For example, some of you had a "security blanket" as a kid -- some object or toy you'd lug around with you, bursting into tears if you were forced to leave home without it. It's common for agoraphobics to wind up right back in that situation. Christie found she always had to take a bottle of water with her, feeling it might somehow save her if disaster struck. She also had to carry "something mint," because nothing helps lessen the stress of a panic attack like fresh breath.
She also developed odd habits she could never really account for, like compulsively checking mirrors. She couldn't drive with anyone else in her car, because she was disturbed by the idea that there was a passenger relying on her. The agoraphobic will wind up with all of these little rituals to feel like they have some kind of control over their body's random freakouts.
If you've ever met someone with a really specific list of won'ts ("I won't stay out past 9:00," "I won't take the elevator even if it means 20 flights of stairs," etc.), that's a sign that they may have agoraphobia. Dr. Levine's worked with people who have had aversions to bright lights, or an insistence on having an aisle seat in a theater. "You realize it's not that they fear the theater or the supermarket or elevators; it's that they fear what might happen to them in those places."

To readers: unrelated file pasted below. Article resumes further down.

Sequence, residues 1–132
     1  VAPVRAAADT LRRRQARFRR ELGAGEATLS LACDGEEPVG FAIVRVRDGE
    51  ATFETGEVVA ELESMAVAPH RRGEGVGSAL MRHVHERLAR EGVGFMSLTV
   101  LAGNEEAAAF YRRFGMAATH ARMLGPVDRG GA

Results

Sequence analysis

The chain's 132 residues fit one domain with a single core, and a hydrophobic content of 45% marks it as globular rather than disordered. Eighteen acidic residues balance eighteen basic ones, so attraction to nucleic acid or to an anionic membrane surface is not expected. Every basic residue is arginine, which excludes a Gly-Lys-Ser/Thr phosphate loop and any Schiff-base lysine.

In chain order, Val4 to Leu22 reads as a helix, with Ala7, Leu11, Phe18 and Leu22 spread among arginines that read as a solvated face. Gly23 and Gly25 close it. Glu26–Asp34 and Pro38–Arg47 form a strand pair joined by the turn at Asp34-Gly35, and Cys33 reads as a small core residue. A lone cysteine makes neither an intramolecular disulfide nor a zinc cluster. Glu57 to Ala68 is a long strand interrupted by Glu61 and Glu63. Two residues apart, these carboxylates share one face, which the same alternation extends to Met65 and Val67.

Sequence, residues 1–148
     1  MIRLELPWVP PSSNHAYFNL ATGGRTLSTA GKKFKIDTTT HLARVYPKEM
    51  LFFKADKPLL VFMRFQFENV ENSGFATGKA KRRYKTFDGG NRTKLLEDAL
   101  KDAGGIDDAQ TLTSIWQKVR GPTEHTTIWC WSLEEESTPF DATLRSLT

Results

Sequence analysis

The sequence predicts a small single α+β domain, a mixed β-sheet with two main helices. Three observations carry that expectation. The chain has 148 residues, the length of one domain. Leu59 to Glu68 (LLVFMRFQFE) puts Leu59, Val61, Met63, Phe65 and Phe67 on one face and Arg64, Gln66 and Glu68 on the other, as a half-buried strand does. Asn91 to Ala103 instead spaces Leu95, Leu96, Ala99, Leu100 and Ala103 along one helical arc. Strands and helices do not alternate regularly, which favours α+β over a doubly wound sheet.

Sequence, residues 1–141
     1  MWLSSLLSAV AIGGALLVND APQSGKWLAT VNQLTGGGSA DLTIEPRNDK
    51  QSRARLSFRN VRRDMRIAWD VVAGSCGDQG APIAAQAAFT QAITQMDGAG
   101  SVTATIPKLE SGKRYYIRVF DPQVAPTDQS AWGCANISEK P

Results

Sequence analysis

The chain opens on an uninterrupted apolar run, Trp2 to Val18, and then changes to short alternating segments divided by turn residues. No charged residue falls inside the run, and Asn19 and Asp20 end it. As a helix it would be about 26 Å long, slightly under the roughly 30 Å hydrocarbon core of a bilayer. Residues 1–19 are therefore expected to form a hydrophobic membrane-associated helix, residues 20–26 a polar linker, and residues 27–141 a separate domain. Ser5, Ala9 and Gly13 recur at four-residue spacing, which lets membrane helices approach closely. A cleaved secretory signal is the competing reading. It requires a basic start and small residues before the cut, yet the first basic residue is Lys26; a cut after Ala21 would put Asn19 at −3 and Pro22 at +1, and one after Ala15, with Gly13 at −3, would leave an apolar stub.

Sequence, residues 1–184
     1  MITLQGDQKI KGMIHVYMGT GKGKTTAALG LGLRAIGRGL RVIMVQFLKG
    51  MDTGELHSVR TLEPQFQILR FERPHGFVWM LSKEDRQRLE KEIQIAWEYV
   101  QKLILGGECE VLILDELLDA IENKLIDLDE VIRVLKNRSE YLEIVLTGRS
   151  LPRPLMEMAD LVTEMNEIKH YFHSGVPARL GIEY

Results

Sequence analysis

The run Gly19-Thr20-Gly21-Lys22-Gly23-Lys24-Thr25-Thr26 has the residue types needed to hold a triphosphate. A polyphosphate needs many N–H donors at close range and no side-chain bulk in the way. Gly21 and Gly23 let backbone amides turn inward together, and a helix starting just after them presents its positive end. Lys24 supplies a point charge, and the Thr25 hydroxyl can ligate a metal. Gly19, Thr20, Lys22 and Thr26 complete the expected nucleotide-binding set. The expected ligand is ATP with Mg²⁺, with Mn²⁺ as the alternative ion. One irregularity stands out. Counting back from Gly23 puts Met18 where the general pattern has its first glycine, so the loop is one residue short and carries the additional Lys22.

Blaise, who's now a mental health counselor himself, said it's not unusual for people struggling with anxiety attacks to carry Xanax with them. Not so they can pop it in an emergency (it doesn't work that fast, if it works at all), but for the symbolic power. See? I don't need to panic, because I have my magical cure right here with me.
There have always been anxious people, so you think we'd be able to recognize and treat agoraphobia rather well by now. Well, you'd think wrong, hypothetical reader whom we set up to fail for rhetorical purposes. Christie and Blaise both had trouble getting accurate diagnoses, and Dr. Levine continues to receive patients from other therapists who have no idea what a panic attack is.
In the '70s, when agoraphobia was still largely unknown, Blaise's therapist made his panic issues worse. But while he was getting screwed, proper treatment techniques were being developed. And so now, decades later, we know that the best way to fight anxiety is with some good old-fashioned love, care, and brutally cold confrontations of your darkest fears. Sort of like becoming Batman.